Space Encounters in conversation: from 17th-century conservatory to competitive sales office
Local architecture studio Space Encounters brings modernity to an old building without erasing its multifaceted history. Following the interview with architect and founding partner Remi Versteeg in Frame 119, we sit down again to discuss the dynamic new office for tech company Lightspeed and how the firm found harmony between past and present.
What was your starting point for the concept?
Lightspeed’s new office is located along a part of Amsterdam’s canal belt that originates from the early 17th century. The building has been demolished, expanded, mutilated, and renovated ever since, resulting in a fascinating multilayered structure.
The building consisted of roughly three parts: the more-or-less original front part, the former cotton factory at the end of the garden that was added in the 1930s, and the middle section – basically two big spaces stacked on top of each other. This [middle] part was the least characteristic – and also of questionable quality – since it consisted of dark spaces, with relatively low ceilings, added in 1960.
How did this jigsaw puzzle of history inform the design?
We just exaggerated the qualities of the three sections: in the first, we restored the original room layout to create spaces for all the different departments, like legal, accounting, HR, and so on. The original room sizes turned out to be a perfect fit for teamworking. All the new walls were designed in another material, to clearly mark the difference between the building’s history and its new additions.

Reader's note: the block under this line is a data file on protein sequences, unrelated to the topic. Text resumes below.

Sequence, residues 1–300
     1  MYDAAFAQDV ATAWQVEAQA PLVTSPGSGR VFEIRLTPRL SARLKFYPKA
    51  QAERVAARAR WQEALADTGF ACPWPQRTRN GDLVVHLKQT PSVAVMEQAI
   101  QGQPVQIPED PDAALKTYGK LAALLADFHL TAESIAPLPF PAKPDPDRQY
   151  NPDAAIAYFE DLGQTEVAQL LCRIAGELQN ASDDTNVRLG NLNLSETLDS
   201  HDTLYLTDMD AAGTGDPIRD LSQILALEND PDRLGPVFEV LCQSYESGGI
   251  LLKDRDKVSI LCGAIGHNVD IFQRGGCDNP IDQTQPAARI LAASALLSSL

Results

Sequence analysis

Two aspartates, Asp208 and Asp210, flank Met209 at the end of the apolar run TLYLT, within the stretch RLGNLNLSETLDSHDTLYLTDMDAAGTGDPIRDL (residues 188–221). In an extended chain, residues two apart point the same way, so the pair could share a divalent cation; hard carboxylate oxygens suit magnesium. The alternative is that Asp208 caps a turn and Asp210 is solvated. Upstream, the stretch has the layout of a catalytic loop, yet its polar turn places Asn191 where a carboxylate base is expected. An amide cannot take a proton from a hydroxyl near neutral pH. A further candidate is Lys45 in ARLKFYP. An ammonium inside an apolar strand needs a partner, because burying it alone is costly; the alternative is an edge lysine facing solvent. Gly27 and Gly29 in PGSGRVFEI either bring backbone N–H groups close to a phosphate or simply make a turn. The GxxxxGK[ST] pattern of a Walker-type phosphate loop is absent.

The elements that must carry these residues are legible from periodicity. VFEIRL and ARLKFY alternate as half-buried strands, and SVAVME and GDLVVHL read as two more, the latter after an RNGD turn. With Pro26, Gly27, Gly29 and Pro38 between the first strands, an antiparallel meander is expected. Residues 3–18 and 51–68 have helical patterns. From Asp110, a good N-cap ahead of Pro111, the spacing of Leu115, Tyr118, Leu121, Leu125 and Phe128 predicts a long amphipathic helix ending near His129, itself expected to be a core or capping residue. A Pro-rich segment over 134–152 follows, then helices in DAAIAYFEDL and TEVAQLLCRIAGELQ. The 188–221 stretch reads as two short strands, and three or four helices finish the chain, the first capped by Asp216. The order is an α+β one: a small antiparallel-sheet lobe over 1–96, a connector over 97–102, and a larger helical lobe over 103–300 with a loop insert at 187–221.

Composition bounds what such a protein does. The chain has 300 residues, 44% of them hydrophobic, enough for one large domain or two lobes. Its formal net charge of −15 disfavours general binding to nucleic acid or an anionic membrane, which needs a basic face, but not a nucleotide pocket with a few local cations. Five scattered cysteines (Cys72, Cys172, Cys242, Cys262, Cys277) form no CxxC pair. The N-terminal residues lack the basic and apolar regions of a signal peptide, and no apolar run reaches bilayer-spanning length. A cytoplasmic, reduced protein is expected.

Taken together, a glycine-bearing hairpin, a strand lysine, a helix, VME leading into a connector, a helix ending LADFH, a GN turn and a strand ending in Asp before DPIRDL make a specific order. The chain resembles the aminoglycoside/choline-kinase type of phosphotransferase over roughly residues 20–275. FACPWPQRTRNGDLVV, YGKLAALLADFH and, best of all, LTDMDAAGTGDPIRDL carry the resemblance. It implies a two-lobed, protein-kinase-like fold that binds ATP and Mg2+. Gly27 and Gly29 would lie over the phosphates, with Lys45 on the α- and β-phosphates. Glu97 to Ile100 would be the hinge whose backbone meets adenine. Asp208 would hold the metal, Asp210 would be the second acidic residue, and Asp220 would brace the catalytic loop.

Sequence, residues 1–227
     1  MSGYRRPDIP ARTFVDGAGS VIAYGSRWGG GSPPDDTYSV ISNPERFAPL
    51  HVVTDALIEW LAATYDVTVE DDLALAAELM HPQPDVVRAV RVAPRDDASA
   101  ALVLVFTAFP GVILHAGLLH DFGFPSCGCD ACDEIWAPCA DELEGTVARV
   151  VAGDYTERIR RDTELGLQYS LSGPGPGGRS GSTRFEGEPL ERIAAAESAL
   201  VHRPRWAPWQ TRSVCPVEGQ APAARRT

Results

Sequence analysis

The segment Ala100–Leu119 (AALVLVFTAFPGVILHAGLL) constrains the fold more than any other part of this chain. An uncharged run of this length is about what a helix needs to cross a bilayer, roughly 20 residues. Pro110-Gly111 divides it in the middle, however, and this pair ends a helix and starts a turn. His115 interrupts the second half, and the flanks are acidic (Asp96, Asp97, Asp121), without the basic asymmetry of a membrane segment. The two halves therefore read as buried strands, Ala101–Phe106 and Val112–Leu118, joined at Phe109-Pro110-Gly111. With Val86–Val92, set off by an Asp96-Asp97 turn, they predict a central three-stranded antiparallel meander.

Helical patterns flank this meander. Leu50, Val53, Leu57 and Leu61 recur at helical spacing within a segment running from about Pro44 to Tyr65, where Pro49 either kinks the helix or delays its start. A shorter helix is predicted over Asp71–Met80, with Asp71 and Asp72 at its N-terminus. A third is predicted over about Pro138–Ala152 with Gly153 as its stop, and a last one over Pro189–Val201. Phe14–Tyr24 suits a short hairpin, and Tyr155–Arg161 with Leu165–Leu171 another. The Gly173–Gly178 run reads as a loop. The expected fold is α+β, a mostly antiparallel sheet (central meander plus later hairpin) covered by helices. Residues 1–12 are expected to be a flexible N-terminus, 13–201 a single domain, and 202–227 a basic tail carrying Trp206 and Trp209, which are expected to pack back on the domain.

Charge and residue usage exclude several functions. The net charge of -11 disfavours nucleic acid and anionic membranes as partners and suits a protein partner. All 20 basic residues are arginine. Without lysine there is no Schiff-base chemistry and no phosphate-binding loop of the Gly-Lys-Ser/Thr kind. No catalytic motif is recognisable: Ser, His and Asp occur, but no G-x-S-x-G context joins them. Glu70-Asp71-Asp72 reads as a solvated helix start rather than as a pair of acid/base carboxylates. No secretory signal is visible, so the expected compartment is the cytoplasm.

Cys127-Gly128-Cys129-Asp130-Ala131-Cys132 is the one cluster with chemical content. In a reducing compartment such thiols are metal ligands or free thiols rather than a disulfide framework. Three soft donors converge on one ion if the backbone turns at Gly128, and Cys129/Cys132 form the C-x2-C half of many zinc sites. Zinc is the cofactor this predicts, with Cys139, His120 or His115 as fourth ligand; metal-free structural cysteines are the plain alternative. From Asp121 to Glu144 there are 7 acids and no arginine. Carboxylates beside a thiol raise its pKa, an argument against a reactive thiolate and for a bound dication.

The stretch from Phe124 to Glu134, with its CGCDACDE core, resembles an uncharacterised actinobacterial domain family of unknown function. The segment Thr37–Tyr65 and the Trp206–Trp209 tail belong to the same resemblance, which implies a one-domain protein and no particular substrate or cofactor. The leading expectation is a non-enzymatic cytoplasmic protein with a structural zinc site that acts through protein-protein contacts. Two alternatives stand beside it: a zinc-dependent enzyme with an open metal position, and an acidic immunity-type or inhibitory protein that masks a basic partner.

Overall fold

The former factory space became a large, flexible area which can accommodate up to 200 people for parties, company lunches, and big events. In the middle we put the company’s biggest (and loudest) departments: the sales, marketing, and support teams.
To what extent did you introduce new elements to the building?
To improve the quality of the space, we created a round skylight and a hole through the floor, so light reaches deeper inside the building. The original 1650s building was a conservatory, hence the round shape.
Is there one design element you feel is most prominent in the space or makes the most impact?
This has to be the sales arena. Its agenda is the most outspoken, and the space is a reflection of this. We wanted to create a kind of arena where they could go to war. The round shape helps create a competitive environment – which the sales team asked for – because everyone can see each other. We wouldn’t have made such a savage work area except by request! The leftover spaces between the circle and the square are used to escape this hectic environment and provide a bit of calm.
Overall, what was the goal of the project?
In our projects we try to create something which is so extremely grounded in logic, that the result becomes distinctive again. Design by not designing. In this case, the path to that was very clear.
To read the interview with Remi Versteeg and see his other works, pick up a copy of Frame 119.